In his "History of the Kings of Britain", Geoffrey of Monmouth briefly tells the story of King Bladud, the founder of Bath:
Next succeeded Bladud his son, in whose hands the kingdom remained for twenty years. He builded the city of Kaerbadon, that is now called Bath, and fashioned hot baths therein, meet for the needs of men, the which he placed under the guardianship of the deity Minerva, in whose temple he set fires that could not be quenched, that never turned into ashes, but as they began to fail became as it were round balls of stone. At that time did Elijah pray that it might not rain upon the earth, and it rained not for the space of three years and six months. Bladud was a right cunning craftsman, and did teach nigromancy throughout the realm of Britain, nor did he stint of his subtle sleights until he had fashioned him wings and tried to go upon the top of the air, when he fell upon the temple of Apollo in the city of Trinovantum, and was dashed into many pieces.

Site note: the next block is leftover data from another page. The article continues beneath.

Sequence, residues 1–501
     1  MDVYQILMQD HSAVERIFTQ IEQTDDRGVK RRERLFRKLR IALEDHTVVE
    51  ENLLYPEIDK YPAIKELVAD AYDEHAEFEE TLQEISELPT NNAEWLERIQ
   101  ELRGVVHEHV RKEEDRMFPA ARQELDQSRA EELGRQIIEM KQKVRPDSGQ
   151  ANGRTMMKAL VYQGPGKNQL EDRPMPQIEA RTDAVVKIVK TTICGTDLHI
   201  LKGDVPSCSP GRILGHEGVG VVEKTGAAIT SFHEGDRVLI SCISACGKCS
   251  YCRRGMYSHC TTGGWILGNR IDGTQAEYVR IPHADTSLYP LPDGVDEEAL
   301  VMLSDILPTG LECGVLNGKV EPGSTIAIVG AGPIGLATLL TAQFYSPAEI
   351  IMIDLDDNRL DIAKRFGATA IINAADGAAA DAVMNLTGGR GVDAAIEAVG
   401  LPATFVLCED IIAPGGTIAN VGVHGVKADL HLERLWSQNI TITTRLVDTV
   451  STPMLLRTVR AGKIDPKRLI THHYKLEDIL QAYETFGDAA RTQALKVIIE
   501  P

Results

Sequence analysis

(public domain 1904 translation by Sebastian Evans from sacred-texts.com)
Geoffrey's version is discussed on this Bath site. Charles Dickens tells a later version of the story in Chapter XXXVI of The Pickwick Papers, and then lets us in on the secret of what really happened.
The illustration at the top shows a statue of King Bladud in the King's Bath at Bath, and Laurence Tindall explains the conservation work he did on it in 1982 (photo by Andrew Dunn from wikicommons under a creative commons licence).
The Royal Academy has Benjamin West's 1807 picture Bladud in Exile.
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